“Finally, I have been fully vindicated and cleared,” a relieved Willie McKay told the press after the City Of London Police confirmed that the seedy football agent would face no further questioning over alleged corruption in football.
McKay was investigated as part of Lord Stevenson’s inquiry into corruption allegations that had followed in the wake of the BBC’s infamous Panorama programme. The BBC scrutinized several football clubs wherein FA rules and regulations were allegedly broken.
McKay was specifically questioned over his involvement in the transfer of French defender Jean-Alain Boumsong; the first of those questions being, why on earth did Newcastle pay £8.5m for that manure heap? Well, the fee was thanks in no small part to McKay, who it was alleged had pocketed c.£500,000 for himself.
Unsurprisingly, after a lengthy inquiry, the Scot was cleared of any wrong doing.
Vindicated and cleared in legal terms, perhaps, but any football fan will tell you that morally McKay still has a lot to answer for.
McKay incurred the wrath of Wigan fans after advising Pascal Chimbonda to quit the club after a highly successful season at the JJB Stadium. Having been voted to appear in the PFA’s Team of the Year, McKay and Pascal decided it was time to cash in on the defenders success. To that effect, Chimbonda notoriously handed in a transfer request within minutes of the final whistle of Wigan’s final game of the season.
Disgruntled Wigan fans were keen to make their voices heard as the French defender made his trip southward to White Hart Lane.
By some way of reply, McKay quipped, “Wigan? They should give me the freedom of the place given the profit they made on Pascal Chimbonda.”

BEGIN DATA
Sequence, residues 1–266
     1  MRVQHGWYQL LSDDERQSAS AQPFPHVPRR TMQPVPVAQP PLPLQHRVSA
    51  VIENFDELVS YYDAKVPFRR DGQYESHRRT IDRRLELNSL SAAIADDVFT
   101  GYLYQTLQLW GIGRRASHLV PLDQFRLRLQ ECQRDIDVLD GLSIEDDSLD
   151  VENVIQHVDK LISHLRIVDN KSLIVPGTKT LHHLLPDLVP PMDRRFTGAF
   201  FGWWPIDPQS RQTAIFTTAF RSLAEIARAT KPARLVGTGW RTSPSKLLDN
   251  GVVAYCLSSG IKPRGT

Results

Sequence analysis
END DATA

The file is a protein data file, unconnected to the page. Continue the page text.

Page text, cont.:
Although it is true that Wigan did make a sizable profit on the defender – who had only spent a solitary year at the club, you cannot help but feel that the fee would’ve been far higher had the Frenchman and McKay not publicized their willingness to part ways with the North West club. Wigan had been hoping to receive £6m for the player but, thanks in large part to McKay, Tottenham started their bidding at only £2m. A deal was signed for four.
Not content with angering just Wigan fans, McKay’s representation of Joey Barton also lead him to reach burning effigy status at Manchester City.
Not long after Barton’s sickening and disturbing confrontation with fellow teammate Ousmane Dabo, his Scottish agent had the temerity to ask for a bewildering £100,000 ‘loyalty’ fee to be added to the thug’s contract extension. The miscreant soon left for Newcastle – one of McKay’s favourite haunts, it seems – and continues to be a stain on football, not unlike his representative.
The law did catch up with McKay in 2007 over the consecutive transfers of Benjani from Auxerre to Portsmouth followed by his exchange from Pompy to Manchester City. FA rules clearly state that an agent can not act on behalf of the same player for two consecutive transfers. The agent’s reprimanding included a suspended ban and a severe slapping on the wrist. Oh the malevolent, authoritative power of the FA.
Fully vindicated and cleared indeed.
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